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Light Bulb Phase-Out in America

Updated on January 17, 2013

I have tried CFL bulbs and proven their claim.

A couple of years ago I changed out twenty incandescent light bulbs in my apartment with CFL bulbs. I kept track of the previous year’s electric energy expenses and compared them with a year’s use of the CFLs. One year later I had saved a full 21 percent over the previous year, or $133.

Although I spent more actual money than in the previous year, I paid less essentially because my energy usage was decreased and, most importantly, because the bulbs effectively eliminated two rate increases that occurred during that time. (About 20 percent of your electric energy usage results from lighting.)

Moreover, I spent $65 on the bulbs and in one year earned it back double besides the continued use of the bulbs that should last, conservatively, anywhere from 5-7 years. That’s a deal!


The Phase-Out

I would try to persuade you to use CFLs (compact fluorescent lamp), but now I don’t need to because in the next few years you will have few other options.

You see, the traditional Edison incandescent light bulb is set to go out forever in the next few years. On January 1, 2012, a phase-out (in the U.S.) began that requires light bulbs to become at least 25 percent more energy efficient. It starts with the 100 watt bulb and will continue each year with another: the 75 watt bulb in 2013 and the 60 and 40 watt bulbs in 2014.

This phase-out is part of the Energy Independence and Security Act of 2007 that seeks to move the nation toward greater energy independence, production of clean renewable fuels, and efficiency. As it pertains to lights, manufacturers are now required to produce general-use lights with a maximum wattage not greater than 72 watts. A few specialty bulbs, however, like 3-way bulbs and appliance bulbs, are exempt from the mandate.


The Benefit of More CFLs

The reason for the change? Although the light bulb’s invention was a bright idea, it was a wasteful one and has been ever since. The regular incandescent bulb gives off the majority of its energy not as light but heat—about 90 percent of it! Remember how hot-to-the-touch they are? So the U.S. is falling in line with a host of other nations that have already begun phasing out the bulb. America is actually among the last to implement the change thus far.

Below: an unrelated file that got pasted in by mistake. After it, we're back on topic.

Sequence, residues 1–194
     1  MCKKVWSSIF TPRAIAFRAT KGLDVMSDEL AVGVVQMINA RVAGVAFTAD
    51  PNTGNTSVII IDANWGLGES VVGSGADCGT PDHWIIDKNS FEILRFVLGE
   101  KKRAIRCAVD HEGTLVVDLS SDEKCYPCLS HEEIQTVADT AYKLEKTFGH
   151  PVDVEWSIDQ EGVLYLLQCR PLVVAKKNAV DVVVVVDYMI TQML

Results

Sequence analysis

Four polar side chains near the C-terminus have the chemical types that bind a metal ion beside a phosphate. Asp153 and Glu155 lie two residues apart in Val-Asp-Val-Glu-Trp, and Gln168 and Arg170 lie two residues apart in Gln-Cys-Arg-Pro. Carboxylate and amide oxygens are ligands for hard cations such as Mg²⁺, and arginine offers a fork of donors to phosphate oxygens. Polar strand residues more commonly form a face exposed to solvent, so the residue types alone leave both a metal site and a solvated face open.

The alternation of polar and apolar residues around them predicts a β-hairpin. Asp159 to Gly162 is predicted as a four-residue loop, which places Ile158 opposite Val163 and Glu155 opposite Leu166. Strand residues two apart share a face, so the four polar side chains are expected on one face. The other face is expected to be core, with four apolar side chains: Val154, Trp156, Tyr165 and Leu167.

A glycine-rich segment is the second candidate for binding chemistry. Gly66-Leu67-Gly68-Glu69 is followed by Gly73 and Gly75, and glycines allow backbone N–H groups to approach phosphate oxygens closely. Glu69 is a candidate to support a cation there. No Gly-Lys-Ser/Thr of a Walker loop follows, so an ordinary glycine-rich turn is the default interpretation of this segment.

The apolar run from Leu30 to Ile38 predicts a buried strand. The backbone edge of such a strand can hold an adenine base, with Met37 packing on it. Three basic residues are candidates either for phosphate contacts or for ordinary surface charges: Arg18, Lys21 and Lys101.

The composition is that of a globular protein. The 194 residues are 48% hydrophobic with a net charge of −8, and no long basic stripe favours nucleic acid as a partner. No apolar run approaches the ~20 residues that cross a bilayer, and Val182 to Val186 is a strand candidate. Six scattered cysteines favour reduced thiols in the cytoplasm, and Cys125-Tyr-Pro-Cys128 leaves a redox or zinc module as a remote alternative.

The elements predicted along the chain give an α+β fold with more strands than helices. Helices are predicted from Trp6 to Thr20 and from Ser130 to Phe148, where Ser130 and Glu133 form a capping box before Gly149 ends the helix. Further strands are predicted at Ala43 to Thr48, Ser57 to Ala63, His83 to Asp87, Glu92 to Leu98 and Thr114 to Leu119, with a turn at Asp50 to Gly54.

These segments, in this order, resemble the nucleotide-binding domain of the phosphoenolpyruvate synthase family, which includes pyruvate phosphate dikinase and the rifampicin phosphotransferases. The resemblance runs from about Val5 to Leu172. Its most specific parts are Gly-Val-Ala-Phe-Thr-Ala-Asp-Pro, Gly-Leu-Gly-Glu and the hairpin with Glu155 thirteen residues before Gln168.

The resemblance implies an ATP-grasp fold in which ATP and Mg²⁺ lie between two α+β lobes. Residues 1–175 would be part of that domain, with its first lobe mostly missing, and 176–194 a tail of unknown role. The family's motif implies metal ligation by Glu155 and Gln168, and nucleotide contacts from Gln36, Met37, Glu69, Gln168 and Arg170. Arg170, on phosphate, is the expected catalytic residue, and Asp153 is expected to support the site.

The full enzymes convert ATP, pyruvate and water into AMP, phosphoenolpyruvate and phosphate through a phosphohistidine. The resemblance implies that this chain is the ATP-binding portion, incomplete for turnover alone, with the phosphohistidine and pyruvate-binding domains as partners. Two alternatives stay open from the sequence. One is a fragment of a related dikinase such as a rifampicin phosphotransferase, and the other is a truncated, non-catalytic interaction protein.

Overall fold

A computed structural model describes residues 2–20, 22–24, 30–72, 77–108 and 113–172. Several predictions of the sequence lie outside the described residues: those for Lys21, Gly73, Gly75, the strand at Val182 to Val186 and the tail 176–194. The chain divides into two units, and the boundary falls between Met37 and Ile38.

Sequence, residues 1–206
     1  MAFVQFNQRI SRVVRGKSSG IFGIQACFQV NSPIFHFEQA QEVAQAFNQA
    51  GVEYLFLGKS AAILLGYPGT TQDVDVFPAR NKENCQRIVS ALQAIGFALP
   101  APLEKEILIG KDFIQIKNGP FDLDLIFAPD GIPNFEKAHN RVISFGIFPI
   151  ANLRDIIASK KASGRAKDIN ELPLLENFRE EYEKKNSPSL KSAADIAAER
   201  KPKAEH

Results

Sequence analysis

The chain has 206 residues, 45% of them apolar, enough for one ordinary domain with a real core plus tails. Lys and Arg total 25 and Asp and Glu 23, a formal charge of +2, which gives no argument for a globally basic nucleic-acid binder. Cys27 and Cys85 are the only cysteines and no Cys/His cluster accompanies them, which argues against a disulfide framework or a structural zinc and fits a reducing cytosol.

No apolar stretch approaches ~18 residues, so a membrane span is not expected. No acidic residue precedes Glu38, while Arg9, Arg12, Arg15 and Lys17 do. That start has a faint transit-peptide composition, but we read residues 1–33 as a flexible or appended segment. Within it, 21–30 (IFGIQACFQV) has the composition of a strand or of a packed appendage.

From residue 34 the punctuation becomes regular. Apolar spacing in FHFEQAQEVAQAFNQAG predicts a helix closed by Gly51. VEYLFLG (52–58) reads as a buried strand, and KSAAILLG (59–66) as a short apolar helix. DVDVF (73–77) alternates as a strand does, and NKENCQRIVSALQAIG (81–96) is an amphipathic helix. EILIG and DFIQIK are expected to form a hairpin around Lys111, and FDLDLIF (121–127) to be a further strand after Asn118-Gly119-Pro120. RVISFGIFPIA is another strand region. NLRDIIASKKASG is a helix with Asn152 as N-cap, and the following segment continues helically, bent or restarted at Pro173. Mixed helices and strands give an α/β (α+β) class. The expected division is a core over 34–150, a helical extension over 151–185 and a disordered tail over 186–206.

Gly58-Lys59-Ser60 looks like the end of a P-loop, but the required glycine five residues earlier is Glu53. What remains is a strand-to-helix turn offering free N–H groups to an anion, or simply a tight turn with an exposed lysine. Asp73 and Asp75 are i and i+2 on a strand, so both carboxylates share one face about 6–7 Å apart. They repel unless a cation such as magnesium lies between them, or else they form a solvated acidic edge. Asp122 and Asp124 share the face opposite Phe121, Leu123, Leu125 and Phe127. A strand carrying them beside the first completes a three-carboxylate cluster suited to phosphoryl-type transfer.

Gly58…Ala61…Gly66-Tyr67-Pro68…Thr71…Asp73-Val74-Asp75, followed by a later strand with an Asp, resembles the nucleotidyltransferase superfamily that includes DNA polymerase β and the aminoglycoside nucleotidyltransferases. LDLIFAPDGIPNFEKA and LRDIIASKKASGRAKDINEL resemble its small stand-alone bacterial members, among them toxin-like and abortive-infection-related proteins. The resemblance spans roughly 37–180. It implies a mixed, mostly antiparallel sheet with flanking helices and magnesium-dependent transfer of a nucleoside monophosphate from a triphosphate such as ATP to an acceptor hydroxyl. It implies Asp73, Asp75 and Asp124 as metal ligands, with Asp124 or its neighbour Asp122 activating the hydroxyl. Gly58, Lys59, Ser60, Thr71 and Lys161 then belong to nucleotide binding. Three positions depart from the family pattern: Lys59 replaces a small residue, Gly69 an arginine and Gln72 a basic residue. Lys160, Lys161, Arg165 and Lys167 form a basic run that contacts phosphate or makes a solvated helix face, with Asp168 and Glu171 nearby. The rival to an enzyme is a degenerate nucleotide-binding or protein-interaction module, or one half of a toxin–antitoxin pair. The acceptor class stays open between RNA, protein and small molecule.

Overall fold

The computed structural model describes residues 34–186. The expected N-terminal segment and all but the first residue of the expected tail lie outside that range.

The alternative is worth it, too. Once the phase out is complete, the new energy standard guarantees the elimination of about 500 million tons of carbon dioxide emissions, or the equivalent of taking 8 million cars off the road. Again, that’s a deal.


What are Lumens?

Changes in what you see at the store should be appearing now. There will be new labeling on light bulb packages that will list the bulb’s life span, energy consumption, character (warm, cool), and, most importantly, the lumens. Lumens indicate how bright the light is. The new label will allow buyers to purchase lights based on their brightness (800-1600 lumens) and not their energy usage (60-75-100 watts).

Finally, choices of lights in the demise of the Edison incandescent will namely be three: the halogen incandescent bulb; the mercury-free LED bulb, and the CFL. The best one is the LED bulb because it uses the least energy, lasts about 25 times longer than traditional bulbs, and contains no mercury; but it is quite expensive. The halogen bulb is expensive also.

The most bang for your buck is the CFL—really. It lasts about 10 times longer than standard bulbs and isn’t too costly. And its energy consumption is only 10-15 watts for a 60 watt equivalent bulb. It contains a tiny amount of mercury though, so don’t break it (see the link below). I have found, however, that these bulbs are made stronger than incandescent bulbs.

One more thing: disposal. Never toss CFLs in the trash. They contain a small amount of vaporous mercury that is yet toxic and contaminating. You should always take your CFL bulbs to a recycle center that handles them. Local hardware stores should accept them (Lowe's and Home Depot do.) For more certainty, go to and find a recycle center in or near your zip code.


Your Turn to Save

There. If you didn’t know that you were in for a change, now you do and you've got some knowledge on the matter. I applaud this move by the government. As the biggest energy consumer in the world, we have to do our part to reverse negative effects.